CULTURE Volunteers gladly join frontline virus fight


Volunteers gladly join frontline virus fight


07:45, September 17, 2020

Du Bin (center), director of the critical care department at Peking Union Medical College Hospital, leads a team in checking a COVID-19 patient in Wuhan, Hubei province, in April. Du was working at the Tongji Hospital of Huazhong University of Science& Technology in the city. (Photo: Xinhua)

On Jan 23, when Wuhan, Hubei province, the Chinese city hardest-hit by COVID-19, was locked down to stem the spread of the virus, Peking Union Medical College Hospital issued an open letter to solicit its medical workers to go to Wuhan to provide assistance to local hospitals. In just 18 hours, 3,306 people applied.

On Jan 25, the hospital received an urgent notice from the National Health Commission to organize a national medical team to support Wuhan.

Within 12 hours, the first team of 121 medical workers from six hospitals in Beijing, including 21 from Peking Union Medical College Hospital, arrived in Wuhan, and devoted themselves to the fight against the pandemic.

As an experienced doctor who took part in the fight against SARS-severe acute respiratory syndrome-in 2003, Han Ding, vice-president of Peking Union Medical College Hospital, was one of those who went to aid Wuhan in the first team. He was so busy at first that he could barely grab two hours' sleep every night when he first arrived, according to a report from The Paper.

"He had to do all the communication and coordination work so that the medical service could get started as soon as possible, and he paid a great deal of attention to the safety of team members. There were many difficulties we hadn't been able to imagine, but he applied a hands-on approach and managed the work well," says Xia Ying, Han's colleague.

On Jan 28, just two days after the team reached Wuhan, they restructured a hospital there and prepared the first ward to receive patients with severe conditions. They then changed an ordinary ward area into an ICU area within 48 hours to better treat the patients.

Facing off against the new virus, medical workers quickly went into the wards, risking their lives to save the patients. "When we needed to open the patient's airway, we were actually in close contact with a high concentration of the virus, which was very dangerous, but if we didn't rise to the challenge, who would?" says Han in a report by the Xinhua News Agency.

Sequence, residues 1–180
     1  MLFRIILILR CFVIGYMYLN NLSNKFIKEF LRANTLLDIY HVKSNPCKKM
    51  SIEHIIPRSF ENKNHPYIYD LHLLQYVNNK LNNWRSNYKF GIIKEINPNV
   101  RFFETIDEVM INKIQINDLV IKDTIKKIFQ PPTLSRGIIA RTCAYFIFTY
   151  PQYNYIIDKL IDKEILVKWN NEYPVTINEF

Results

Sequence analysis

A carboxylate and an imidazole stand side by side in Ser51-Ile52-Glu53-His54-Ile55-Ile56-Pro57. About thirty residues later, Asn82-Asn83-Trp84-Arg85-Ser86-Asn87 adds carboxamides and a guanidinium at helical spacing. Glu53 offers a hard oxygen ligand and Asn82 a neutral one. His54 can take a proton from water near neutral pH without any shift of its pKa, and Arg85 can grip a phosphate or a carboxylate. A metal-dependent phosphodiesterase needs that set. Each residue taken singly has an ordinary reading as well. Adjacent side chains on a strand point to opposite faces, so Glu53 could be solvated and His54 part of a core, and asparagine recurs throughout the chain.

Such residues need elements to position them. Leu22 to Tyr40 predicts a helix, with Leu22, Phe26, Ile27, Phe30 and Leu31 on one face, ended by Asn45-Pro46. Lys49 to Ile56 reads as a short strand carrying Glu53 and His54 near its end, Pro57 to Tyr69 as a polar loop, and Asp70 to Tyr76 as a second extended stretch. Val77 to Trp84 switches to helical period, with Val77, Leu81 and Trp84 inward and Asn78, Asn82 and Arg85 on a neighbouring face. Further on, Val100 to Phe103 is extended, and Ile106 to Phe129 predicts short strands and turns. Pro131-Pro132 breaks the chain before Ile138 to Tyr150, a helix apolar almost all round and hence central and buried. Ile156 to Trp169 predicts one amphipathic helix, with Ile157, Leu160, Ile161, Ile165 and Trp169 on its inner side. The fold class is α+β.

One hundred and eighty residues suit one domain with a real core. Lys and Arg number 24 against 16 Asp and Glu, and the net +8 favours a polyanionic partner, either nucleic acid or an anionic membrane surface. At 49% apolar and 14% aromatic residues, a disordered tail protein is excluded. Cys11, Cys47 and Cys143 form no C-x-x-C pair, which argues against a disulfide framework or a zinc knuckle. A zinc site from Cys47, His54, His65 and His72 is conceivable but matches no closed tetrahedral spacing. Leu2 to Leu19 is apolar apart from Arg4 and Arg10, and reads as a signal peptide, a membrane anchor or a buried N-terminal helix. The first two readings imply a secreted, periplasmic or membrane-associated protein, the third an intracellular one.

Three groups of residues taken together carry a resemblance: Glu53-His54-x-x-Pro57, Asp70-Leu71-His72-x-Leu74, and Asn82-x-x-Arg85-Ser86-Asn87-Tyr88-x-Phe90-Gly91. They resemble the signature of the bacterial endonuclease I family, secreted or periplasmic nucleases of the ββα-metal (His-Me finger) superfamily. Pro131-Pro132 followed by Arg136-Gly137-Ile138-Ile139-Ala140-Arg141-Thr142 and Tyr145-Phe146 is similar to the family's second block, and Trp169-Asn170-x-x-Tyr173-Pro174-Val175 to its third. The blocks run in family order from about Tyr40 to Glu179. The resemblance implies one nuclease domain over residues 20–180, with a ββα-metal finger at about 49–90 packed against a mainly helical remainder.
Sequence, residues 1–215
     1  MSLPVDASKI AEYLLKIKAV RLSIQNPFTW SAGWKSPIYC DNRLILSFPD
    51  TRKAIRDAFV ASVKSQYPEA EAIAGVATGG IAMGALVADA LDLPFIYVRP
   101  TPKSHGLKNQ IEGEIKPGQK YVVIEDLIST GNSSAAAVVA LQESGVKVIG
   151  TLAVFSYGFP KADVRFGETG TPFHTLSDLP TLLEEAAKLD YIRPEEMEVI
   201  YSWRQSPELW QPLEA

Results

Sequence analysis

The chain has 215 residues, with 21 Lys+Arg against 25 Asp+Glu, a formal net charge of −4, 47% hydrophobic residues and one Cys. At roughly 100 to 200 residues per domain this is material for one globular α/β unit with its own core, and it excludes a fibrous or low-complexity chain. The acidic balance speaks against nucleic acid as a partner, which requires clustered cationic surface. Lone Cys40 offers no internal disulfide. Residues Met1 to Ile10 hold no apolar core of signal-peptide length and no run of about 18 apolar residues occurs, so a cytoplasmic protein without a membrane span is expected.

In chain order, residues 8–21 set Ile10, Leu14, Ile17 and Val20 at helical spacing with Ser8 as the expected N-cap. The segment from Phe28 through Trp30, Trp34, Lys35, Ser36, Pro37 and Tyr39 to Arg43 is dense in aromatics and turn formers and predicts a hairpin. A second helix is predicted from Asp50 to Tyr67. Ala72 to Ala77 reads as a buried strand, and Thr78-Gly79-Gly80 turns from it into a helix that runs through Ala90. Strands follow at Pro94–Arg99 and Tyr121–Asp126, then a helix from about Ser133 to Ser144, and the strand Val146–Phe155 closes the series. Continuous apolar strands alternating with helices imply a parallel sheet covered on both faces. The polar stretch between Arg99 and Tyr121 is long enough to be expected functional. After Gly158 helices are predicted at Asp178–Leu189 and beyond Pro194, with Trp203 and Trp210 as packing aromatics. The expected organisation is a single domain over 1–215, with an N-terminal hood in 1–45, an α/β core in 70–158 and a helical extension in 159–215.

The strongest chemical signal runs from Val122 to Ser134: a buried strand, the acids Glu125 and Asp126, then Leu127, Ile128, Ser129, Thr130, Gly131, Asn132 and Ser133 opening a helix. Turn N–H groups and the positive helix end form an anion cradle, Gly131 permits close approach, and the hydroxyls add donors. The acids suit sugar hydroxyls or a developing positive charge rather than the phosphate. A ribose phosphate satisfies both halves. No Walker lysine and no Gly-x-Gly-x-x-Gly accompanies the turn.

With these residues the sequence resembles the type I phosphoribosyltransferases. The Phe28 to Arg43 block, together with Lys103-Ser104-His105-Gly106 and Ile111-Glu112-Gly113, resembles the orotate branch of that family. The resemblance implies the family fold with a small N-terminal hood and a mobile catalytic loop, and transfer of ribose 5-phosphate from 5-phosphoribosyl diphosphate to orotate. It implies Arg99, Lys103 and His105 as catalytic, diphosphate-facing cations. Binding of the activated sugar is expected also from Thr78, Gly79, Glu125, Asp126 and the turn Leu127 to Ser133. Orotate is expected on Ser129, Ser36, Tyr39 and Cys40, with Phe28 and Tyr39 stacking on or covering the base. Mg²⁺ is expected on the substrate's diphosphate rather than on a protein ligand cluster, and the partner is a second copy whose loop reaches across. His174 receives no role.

Their efforts paid off. According to Doctor An Youzhong from Peking University People's Hospital, 90 percent of the patients they received in Wuhan recovered and were discharged from the hospital.

When organizing the second team to aid Wuhan, Han pointed out that, besides medical workers who specialized in respiration and infectious diseases, others who were experts in nephrology, gastroenterology and endocrinology were also needed.

On the evening of March 3, a 47-year-old patient who suffered from both COVID-19 and diabetes suddenly became critically ill. He went into cardiac arrest and many of his organs were in danger of being damaged.

Urgently responding were a group of medical workers from the departments of nephrology, respiration and cardiovascular medicine, as well as surgical ICU. All joined forces to save him with an extra-corporeal membrane oxygenation machine. This oxygenates and pumps the patient's blood in place of the heart. With the machine's operation, the patient's situation got better. When his blood oxygen saturation level reached 100 percent, applause burst out from all of the medical workers.

"Although we had labored for a whole night, the tiredness was swept away when we saw the patient recover," says doctor Chang Zhigang from Beijing Hospital, who led this particular rescue effort in Wuhan.

Besides doctors' efforts, nurses contributed a lot as well. The China-Japan Friendship Hospital sent 104 nurses to aid Hubei, half of whom were born in the 1990s. They had to do all the caring work since the infectious disease prevented patients' family members taking care of them.

For example, they had to turn bedridden patients in severe condition four to five times a day. Since there were many tubes in the patients' bodies that were attached to life support, the nurses had to be extremely careful during the procedure. Sometimes it took five nurses 40 minutes to help turn a patient over. And that was only a small part of their daily work.

As well as saving lives, the medical workers brought the patients enormous comfort. It was the birthday of a 67-year-old patient, surnamed Wang, on Feb 28. Chang and other doctors and nurses on duty went into her room with a cake, on which the sentence, "Although coronavirus is cruel, there is love in the human world", was written. The day before, on a doctor's round, when Wang was asked for her age, she said, "I'm still 66 today, but will be 67 tomorrow", and her words were remembered by the medical workers who then arranged the surprise, according to a report by People's Daily.

Doctor Gao Weibo from Peking University People's Hospital treasures a slip of paper he received from a patient, which says: "When we were in despair, you risked your life saving us, and increased our confidence to combat the illness. Your arrival makes us feel like seeing the sunlight through the dark clouds."

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